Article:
7. UK 77- 22 So this question is very true, it's a question of practical human life where certain things can just not be helped. Certain things just cannot be helped. Sometimes, sometimes, we have to hurt someone to produce a greater good. A child is being naughty, child is being unruly we, with the strap hurt the child, but it is for a good that we hurt the child. The motive is not to hurt the child really. It is not a form of sadism. It is not an expression of sadistic tendency. No. No. It is an expression of love. So here even in the choice love can be involved. That even doing the little hurt, that little hurt could be empowered with love. The hurt will be felt by the person on whom it is inflected. Oh, definitely so. But circumstances can be created where that hurt can be compensated. So therefore life is not so easy. There are many questions in life which are practicably unanswerable, that are practicably unanswerable. If a surgeon or say a dentist, we have one here, a dentist has to pull out someone’s tooth. Now he knows that in spite of the anaesthetic he would apply, it will hurt. It might not hurt physically perhaps if the anaesthetic is properly administered, but there is still a hurt in the form of fear when the person goes and sit on the dentist’s chair. So he is going to hurt. Now we can’t call the dentist a sinner because he has hurt twenty people for the day in pulling out twenty teeth. We can't call him a sinner because by him inflicting that little hurt he is doing a greater good where the person will not have that toothache again. See. So, in making the choice, one has to be able to discriminate. Now your question revolves round the position where a person is forced into a circumstance. He’s forced into making a choice and either way he looks there will be hurt. If he goes to the left, there will be hurt. If he goes to the right, there will be hurt. If he goes forward, there will be hurt. If he goes backward, there will be hurt. Then in those circumstances what advice can any sane man do or give? It is for him to choose the lesser evil and the lesser hurt he inflicts the easier would it be for him to do another act whereby he can do something about the hurt he has inflicted. The wife has not cooked a nice meal when you come home after a hard day’s work. Now you are very tired, you had a terrible day at the office so many, many problems. Something went wrong in the Sales Department and something went wrong with the Purchasing Department and something went wrong in the Catering Department and something went wrong with this, that on the other. Okay, so you come home tired and, perhaps, fed up. And then, on top of that, the cooking is not so nice at home and you expected, you were so hungry, you expected a nice meal and you say a few angry words to your wife. Good. You've hurt her. Right. But you have done that because you were in that frame of mind. But before going to bed, you can make up for it and say, ‘Sorry darling, I wasn't just all me’.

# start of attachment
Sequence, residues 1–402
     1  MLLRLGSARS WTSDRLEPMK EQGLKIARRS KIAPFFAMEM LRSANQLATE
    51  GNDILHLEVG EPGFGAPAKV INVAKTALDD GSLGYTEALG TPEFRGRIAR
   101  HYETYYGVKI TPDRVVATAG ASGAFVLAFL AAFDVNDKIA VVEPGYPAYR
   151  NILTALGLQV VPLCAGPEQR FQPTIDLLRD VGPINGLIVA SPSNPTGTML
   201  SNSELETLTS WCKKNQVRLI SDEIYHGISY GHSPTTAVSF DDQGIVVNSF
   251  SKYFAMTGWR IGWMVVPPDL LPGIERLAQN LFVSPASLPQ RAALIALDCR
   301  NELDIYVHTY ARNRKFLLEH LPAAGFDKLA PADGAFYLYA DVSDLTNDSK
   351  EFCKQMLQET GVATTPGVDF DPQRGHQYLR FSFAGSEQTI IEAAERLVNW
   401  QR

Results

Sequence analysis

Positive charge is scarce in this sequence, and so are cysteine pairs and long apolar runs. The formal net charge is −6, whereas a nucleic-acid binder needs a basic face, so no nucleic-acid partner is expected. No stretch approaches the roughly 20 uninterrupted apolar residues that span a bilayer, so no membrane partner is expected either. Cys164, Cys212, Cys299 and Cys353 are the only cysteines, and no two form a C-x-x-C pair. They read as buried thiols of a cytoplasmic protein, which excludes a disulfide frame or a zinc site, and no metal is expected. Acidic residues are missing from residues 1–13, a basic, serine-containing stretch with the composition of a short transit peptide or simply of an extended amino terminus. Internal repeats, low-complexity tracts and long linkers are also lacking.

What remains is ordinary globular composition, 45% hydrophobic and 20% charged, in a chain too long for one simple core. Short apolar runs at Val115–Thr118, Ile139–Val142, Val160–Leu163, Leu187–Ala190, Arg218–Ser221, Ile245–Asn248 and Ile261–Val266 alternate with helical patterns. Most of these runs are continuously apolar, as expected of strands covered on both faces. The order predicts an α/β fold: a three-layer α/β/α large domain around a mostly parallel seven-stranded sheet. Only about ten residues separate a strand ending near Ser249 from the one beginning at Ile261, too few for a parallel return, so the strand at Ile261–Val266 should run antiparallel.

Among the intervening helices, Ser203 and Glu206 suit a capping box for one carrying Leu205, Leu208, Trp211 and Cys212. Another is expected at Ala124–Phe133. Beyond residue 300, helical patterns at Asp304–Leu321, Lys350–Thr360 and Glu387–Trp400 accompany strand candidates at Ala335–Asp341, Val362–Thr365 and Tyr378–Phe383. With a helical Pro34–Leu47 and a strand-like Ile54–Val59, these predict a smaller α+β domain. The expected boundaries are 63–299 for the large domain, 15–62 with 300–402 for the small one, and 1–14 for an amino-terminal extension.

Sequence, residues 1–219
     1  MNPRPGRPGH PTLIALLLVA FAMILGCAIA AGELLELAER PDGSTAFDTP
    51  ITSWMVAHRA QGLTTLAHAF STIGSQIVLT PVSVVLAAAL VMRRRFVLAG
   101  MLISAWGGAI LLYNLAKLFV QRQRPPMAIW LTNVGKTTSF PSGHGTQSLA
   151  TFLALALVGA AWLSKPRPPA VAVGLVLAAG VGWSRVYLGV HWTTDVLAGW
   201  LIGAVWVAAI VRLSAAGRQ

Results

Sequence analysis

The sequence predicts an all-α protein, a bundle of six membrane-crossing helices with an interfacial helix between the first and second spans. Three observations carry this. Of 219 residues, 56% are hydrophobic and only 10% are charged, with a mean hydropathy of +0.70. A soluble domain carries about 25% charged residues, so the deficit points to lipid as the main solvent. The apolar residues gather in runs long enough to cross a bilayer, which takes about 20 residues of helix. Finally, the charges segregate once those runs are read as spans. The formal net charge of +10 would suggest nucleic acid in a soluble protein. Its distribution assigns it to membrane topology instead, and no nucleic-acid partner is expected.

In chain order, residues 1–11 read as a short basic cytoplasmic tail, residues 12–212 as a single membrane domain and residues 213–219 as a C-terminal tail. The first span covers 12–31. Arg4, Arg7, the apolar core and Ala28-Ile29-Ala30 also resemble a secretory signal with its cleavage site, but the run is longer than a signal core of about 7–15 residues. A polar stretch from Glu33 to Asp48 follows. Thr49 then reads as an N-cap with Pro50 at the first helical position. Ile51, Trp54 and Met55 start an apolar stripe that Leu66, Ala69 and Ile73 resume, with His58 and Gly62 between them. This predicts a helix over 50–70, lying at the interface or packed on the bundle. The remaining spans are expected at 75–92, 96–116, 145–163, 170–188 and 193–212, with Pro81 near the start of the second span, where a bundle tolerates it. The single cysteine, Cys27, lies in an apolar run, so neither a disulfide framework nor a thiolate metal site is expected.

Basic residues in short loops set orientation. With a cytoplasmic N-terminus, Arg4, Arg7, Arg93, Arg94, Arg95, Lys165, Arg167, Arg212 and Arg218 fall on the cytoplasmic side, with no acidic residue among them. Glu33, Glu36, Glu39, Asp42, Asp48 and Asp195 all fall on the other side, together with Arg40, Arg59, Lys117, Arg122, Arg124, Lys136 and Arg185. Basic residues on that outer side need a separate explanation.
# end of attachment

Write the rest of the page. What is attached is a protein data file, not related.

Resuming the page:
8. UK 77- 22 So many hurts can be made up for. Good. But when it comes to a hurt being inflicted upon some¬one and where there is no choice and you are put in a circumstance where you have to choose, then choose the lesser evil. That's all I can say about it. Okay. Next. Questioner. Gururaj, how can you tell which is the lesser evil? Gururaj. That depends upon one's discrimination. Oh yes, and discrimination is always strengthened by the practices we do. Then we become more discriminative. Oh, yes. Oh, yes. And even in choosing the lesser evil, even if one makes the wrong choice, and yet if there's sincerity, even if there's that innocence, the innocence of sincerity, then that is the lesser evil. Oh, yes. Questioner. Guruji, I have two short questions on subtle bodies about which you spoke earlier this week. They are egg- shaped, but what happens to them when we are packed here together so tightly. Do they merge with each other or do they get squashed and torn? Gururaj. They might be sardine shaped! (General laughter) Questioner. Could you tell us, do you see our subtle bodies continuously or do you switch the ability on and off as required? Gururaj. Do you want to know about the subtle bodies or are you question¬ing my ability? (General laughter) What is the question? Questioner. First of all, what happens to our subtle bodies in a room like this and secondly are they visible all the time t o a person like yourself? Gururaj. Have you seen a honeycomb? Good. Now the honeycomb is composed of all these various segments that make up one whole. Good. To go beyond the analogy of the honeycomb when people are of one purpose when people get together for one purpose then their subtle bodies or the emanations from their subtle bodies merge within each other. That is why in a group like this when you have group practices or when a group is gathered together with onepointedness then each one affects the other. And because of the onepointedness for goodness, everyone affecting each other uplifts